Monday, June 24, 2013


I just had a long weekend without my kids.  I kept myself happily humming along with writing projects, house projects, training, finishing up the school year, and easing into summer. 

Yesterday completed week 7 out of 18 of my training for Pumpkinman Half Ironman, and though I could certainly stand to get more miles in, I'm feeling good so far. 

Here is last week.  Two each swims, bikes and runs.  The training plan, by the way, calls for three each, but I do what I can do.

Sunday morning I had no kids and no reason to get up early, but I still got up at 4:30 to ride with Suzanne.  That is love right there.   On our ride we saw a rainbow, hardly any cars,  and stayed just ahead of a rainstorm.  So beautiful. 

Later I got in my first open water swim of the season with my friend Susan paddle boarding beside me. Then we switched in the middle of the lake and she swam back while I paddled.  I stayed in my bathing suit for a few hours after on a warm and windy day and held onto that relaxed-from-the-inside-out feeling that comes from a good day of exercise.

When I am training for a big race, I always have a day when all of sudden my legs feel different, like the muscles kick in.  I felt it yesterday.  It felt so very... muscly.  Muscly legs might be the main reason I'm doing all of this training. 

On the Summer Solstice, I got to spend an uninterrupted day with my girl Marjorie from Brooklyn.  Nothing like a girlfriend who's been through it all with me, serves as a touchstone, and makes me laugh.  I loved spending the longest day of the year with her.

I swooped her from the airport and we went straight to the coast, spent a few hours with this view talking about everything under the sun.  It was probably the most beautiful, warm, and still day I've ever had in Bar Harbor.

Seafood with a view.

Sunset on the solstice.  I dropped Marjorie off in Sorento for the weekend, and had a beautiful and silent drive home.

Speaking of sunshines, here are my three:

I have to say I am so productive when I don't have the kids, and can train hard, write, hang with friends, and focus on other parts of myself.

But when I get them back,

 and I get these faces,

the sun shines even brighter.

Sunday night I got everyone back around one dinner table, on the deck, and there were ice cream cones for dessert.

The first Monday of summer means Reed goes to ART CAMP and Skyler and I, along with a crew of favorite friends, are going to jump in a lake.  Enjoy the sun, everyone.

Thursday, June 13, 2013

all in a week

Woah. This has been one heck of a busy week. I'm just coming up for air.  Here are some glimpses:

I hugged goodbye many amazing seniors, including this beauty, at last week's Senior Banquet. 

Watched Tim hit a line drive. 
Ate sushi with Tim and Hillary.
Stripped wallpaper and painted and shopped for carpet and stripped more wallpaper.  And then re-wallpapered.  Holy cow, that is a big job. 
Rode 30 miles with two of my favorite people.
Enjoyed 6 am on a Sunday, a quiet and lovely time to ride.

Watched another class of seniors graduate. I miss them already.
Watched Reed finish out his baseball season.

Helped the kids prep for their last day of school.

I am getting closer to summer with a few more hurdles before me.   I am about to spend a lot more time barefoot.


Tuesday, June 4, 2013

this I believe.

I use the "This I Believe" essay series from NPR with my high school students every year.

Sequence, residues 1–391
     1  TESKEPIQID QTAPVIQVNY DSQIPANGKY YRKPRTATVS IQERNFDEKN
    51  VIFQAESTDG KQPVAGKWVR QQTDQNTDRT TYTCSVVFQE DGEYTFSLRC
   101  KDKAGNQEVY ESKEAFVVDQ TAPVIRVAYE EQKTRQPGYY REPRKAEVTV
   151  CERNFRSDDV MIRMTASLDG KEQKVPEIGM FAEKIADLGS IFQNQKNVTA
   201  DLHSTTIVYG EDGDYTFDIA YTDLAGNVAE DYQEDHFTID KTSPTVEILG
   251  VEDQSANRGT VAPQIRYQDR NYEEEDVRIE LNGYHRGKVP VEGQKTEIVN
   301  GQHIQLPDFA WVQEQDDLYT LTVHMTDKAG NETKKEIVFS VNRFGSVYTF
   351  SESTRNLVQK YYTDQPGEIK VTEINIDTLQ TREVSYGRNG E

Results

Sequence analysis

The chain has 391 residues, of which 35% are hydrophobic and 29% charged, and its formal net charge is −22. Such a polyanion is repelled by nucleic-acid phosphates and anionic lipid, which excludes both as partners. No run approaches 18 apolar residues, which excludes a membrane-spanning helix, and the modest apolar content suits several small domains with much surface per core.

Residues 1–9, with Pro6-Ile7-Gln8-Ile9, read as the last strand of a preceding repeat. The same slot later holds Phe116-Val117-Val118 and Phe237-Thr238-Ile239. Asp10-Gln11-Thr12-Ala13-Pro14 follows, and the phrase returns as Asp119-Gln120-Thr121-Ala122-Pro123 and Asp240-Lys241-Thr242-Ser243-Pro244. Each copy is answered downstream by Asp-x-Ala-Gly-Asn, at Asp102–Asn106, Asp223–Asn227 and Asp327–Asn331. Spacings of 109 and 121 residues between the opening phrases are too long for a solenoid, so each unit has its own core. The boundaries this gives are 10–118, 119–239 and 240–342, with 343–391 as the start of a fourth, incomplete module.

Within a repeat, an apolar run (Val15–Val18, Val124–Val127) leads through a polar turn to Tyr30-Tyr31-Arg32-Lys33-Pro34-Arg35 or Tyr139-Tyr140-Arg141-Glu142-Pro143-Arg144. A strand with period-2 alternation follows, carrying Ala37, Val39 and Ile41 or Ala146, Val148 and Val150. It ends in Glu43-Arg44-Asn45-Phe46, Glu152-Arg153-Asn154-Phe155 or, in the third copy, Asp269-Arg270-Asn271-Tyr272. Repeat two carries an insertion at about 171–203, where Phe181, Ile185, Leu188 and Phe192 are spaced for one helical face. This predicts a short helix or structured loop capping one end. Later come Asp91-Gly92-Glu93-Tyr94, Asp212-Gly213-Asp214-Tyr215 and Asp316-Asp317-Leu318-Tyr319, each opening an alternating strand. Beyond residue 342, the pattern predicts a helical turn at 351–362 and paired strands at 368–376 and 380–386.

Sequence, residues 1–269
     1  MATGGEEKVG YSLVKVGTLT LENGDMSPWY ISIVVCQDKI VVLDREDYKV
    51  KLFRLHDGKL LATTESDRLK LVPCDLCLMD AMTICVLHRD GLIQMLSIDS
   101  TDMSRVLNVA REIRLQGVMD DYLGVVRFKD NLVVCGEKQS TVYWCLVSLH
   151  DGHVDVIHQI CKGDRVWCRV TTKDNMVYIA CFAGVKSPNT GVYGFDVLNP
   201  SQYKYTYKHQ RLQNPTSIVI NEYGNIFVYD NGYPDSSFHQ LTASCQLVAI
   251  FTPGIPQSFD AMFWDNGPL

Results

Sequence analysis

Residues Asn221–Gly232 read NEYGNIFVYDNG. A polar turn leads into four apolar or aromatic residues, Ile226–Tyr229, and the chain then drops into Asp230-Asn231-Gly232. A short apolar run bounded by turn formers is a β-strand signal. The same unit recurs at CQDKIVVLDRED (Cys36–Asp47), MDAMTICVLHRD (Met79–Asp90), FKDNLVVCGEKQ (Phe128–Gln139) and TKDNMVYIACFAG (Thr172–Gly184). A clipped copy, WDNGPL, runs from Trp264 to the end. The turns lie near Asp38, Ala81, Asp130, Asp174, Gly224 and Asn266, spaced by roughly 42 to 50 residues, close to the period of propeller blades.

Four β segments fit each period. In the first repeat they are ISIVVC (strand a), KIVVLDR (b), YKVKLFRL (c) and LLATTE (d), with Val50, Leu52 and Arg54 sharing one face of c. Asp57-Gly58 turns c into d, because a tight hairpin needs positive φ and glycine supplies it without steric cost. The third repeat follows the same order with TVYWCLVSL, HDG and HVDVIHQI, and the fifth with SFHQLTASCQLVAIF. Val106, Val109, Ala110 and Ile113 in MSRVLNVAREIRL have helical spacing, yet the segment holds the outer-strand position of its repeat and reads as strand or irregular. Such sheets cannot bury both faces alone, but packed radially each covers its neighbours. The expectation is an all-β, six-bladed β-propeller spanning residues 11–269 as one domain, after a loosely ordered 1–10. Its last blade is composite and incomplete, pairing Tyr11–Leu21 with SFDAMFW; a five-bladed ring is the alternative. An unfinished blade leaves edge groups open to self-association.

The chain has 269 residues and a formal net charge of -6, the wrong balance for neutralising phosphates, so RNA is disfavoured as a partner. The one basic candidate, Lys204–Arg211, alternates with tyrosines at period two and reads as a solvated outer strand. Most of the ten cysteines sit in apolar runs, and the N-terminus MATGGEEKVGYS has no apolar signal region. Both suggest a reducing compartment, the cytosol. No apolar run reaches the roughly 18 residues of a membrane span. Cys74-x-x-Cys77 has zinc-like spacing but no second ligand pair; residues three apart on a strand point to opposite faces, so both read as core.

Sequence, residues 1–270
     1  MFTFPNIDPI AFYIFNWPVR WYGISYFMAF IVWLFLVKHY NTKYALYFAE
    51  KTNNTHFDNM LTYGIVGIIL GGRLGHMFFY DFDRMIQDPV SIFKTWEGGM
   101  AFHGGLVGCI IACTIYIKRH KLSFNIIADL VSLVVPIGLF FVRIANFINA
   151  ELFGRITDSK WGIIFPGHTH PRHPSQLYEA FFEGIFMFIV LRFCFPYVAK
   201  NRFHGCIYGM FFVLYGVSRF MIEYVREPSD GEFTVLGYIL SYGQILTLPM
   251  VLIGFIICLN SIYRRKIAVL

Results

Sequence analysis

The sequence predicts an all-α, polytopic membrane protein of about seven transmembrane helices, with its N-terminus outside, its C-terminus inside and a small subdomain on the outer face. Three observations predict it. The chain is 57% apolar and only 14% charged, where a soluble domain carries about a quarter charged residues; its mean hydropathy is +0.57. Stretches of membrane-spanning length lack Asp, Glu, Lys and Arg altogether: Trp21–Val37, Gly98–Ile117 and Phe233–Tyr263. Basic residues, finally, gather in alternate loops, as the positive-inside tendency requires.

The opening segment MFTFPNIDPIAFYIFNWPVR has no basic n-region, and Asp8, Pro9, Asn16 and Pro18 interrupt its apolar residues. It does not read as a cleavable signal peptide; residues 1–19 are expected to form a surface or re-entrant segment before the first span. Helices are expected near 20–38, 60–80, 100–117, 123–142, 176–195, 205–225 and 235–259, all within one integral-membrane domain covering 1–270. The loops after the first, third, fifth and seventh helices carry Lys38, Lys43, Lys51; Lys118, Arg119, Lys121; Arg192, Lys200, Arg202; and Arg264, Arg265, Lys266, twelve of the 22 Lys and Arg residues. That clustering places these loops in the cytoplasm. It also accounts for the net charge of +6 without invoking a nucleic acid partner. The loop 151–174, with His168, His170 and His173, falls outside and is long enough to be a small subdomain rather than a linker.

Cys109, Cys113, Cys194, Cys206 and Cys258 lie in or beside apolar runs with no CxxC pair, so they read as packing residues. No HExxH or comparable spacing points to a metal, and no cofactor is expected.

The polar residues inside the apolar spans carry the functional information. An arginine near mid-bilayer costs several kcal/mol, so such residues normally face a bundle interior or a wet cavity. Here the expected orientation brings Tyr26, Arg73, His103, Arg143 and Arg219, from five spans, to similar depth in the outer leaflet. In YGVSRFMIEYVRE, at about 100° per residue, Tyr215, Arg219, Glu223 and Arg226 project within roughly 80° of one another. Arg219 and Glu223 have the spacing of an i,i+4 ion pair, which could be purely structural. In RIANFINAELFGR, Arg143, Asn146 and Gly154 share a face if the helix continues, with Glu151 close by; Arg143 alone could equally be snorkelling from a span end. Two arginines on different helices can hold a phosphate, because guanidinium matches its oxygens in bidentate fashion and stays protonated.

They are a wonderful teaching tool because the essays are short, succinct, and have a perfect balance between story telling and reflection.  I start by sharing several examples with kids from the NPR databases (there are thousands of sweet and inspiring essays there).  We then write lists of things we believe and share them, and then eventually, students choose one belief to elucidate in a short personal essay.  They are my favorite essays to read.  They make me laugh and cry and have hope for humanity.

Because I admitted to my class this year that I had never actually written my own "This I Believe" essay, I decided to commit to writing one, and that is where this post came from.  It was sort of like birthing a child to get that essay out of me, and one cool added benefit of getting back in touch with the difficulty of the writing process was that I could tell my students about the experience.  I told them how hard it was to write, and how, by the time I had a draft I was reasonably happy with, it only had 3 sentences in common with my first attempt.  I also shared the essay with them which was a leap for me to do, and they were awesomely supportive.

It turns out that I believe a lot of things.  And so do my students.  Here are some of mine interspersed with theirs, written on my chalk board.  

I believe that teaching is truly the best and most joyful job.

I believe in starting my day with coffee and silence, and in getting up very early to do so.  

I believe that the kind of energy you put out into the world will be given back to you.  I believe that you have control over the kind of interactions you have with people, and if you are kind and patient and diplomatic in all situations, then you will get that back in spades.

 I believe that everyone needs a good therapist at some time in their lives. 

I believe there is beauty everywhere you look if you are looking for it. For example, check out the sky I saw last night at a red light on the way home from baseball.  

There is even love in a sweet potato, if you're open to that. 

I believe that being a parent forces you to constantly work on being a better person.  Within every hour, I am somehow challenged to do things and react to things and think about things with more patience and love.  When your kids are smart and have really good memories about what you say, you have to work even harder.